startrule : expression
              { $return = (($text =~ m/^[\s;]*$/) ? ($item[1] eq $u ? 
+undef : $item[1]) : undef); }


sub new($$)
    my $invocant = shift;
    my $paramHRef = shift;
    my $class = ref($invocant) || $invocant;   # object or class name
    my $self = { };
    bless($self, $class);
    return $self;

sub Undump($$)
    my $self = shift;
    my $string = shift;
    return $self->{'parser'}->startrule($string);

sub _Initialize($)
    my $self = shift;
    my $parser = Parse::RecDescent->new($grammar);
    $self->{'parser'} = $parser;
Replies are listed 'Best First'.
Re: Undumper
by mirod (Canon) on Jun 29, 2001 at 11:09 UTC

    You might also want to have a look at Data::Denter which generates a more compact output that Data::Dumper and which does not rely on eval to get the data back into Perl.

Re: Undumper
by DrZaius (Monk) on Jun 29, 2001 at 20:30 UTC
    Why not use a Safe? You can only let assignment operators work.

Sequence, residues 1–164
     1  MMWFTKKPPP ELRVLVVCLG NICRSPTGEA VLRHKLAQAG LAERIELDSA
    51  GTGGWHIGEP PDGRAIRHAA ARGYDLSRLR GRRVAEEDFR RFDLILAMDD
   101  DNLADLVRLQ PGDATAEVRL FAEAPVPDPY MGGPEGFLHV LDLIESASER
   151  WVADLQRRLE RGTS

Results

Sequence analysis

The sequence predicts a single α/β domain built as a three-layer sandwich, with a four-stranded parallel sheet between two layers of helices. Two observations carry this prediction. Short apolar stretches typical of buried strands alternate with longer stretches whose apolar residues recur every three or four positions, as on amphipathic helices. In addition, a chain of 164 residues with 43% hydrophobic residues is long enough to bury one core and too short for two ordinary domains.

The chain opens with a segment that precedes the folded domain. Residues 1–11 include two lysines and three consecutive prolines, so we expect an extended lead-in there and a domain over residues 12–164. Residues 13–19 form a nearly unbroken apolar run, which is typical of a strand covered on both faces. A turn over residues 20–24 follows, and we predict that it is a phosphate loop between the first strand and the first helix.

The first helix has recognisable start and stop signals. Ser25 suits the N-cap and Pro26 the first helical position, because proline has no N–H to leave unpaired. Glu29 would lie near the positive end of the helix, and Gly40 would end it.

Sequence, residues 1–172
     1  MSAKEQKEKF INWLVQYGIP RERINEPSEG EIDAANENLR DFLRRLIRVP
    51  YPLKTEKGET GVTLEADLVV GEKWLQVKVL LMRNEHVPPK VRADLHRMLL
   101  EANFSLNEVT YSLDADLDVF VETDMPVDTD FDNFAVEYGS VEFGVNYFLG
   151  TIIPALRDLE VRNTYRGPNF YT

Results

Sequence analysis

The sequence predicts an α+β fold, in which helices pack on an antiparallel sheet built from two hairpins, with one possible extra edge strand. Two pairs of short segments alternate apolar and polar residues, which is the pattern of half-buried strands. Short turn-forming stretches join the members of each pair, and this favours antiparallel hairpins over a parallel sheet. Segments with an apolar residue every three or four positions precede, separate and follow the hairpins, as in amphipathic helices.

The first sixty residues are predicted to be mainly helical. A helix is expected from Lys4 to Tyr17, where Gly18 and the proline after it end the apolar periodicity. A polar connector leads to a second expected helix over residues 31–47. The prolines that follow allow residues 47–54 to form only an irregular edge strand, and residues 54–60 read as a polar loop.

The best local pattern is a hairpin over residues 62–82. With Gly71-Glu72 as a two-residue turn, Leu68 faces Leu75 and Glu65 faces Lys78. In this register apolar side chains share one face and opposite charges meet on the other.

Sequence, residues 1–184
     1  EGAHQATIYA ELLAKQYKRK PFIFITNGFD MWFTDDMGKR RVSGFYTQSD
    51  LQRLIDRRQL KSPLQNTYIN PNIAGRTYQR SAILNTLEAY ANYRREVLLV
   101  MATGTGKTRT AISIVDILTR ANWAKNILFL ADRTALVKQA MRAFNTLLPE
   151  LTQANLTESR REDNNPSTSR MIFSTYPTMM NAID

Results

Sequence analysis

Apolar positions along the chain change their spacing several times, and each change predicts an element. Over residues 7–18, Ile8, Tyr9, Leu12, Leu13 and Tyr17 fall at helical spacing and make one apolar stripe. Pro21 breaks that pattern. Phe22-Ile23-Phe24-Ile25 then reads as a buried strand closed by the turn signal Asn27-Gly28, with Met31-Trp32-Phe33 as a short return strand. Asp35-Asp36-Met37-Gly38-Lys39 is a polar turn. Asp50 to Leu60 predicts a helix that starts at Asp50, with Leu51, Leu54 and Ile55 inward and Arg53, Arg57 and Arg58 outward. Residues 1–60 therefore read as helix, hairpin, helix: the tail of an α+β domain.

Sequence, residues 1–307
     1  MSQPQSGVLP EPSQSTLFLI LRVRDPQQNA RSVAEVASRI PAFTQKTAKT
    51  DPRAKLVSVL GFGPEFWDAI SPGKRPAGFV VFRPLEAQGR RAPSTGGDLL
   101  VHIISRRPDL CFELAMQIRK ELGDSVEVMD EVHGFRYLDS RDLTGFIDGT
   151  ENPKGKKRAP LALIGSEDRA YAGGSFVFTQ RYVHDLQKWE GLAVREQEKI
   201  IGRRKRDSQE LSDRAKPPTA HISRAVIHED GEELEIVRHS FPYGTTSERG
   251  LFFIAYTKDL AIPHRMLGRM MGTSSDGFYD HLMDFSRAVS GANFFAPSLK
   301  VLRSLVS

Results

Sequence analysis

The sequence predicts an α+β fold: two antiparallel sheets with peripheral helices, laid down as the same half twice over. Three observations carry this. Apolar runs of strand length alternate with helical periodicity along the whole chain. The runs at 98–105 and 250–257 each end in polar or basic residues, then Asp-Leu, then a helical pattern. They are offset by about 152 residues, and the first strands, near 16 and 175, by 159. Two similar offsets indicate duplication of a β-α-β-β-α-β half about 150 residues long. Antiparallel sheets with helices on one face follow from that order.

Check out Data::Undumper, which I occasionally use. It isn't the nicest piece of code.. the interface is very touchy, but it works.

Re: Undumper
by mugwumpjism (Hermit) on Jul 01, 2001 at 20:47 UTC
    You might also want to check out the "Storable" module, which converts data structures to binary format & back with "freeze" & "thaw".
•Re: Undumper
by merlyn (Sage) on Mar 30, 2003 at 19:01 UTC
Re: Undumper
by epoptai (Curate) on Jun 29, 2001 at 11:57 UTC
      How does using 'require' differ from using 'eval'? The documentation of 'require' states that it is fundamentally a fancy 'do', which is just another way of saying 'eval'. It's not the "catching errors" part that worries people. It's the fact that your required file could contain stuff you didn't expect, such as a program to send your password file to some remote system.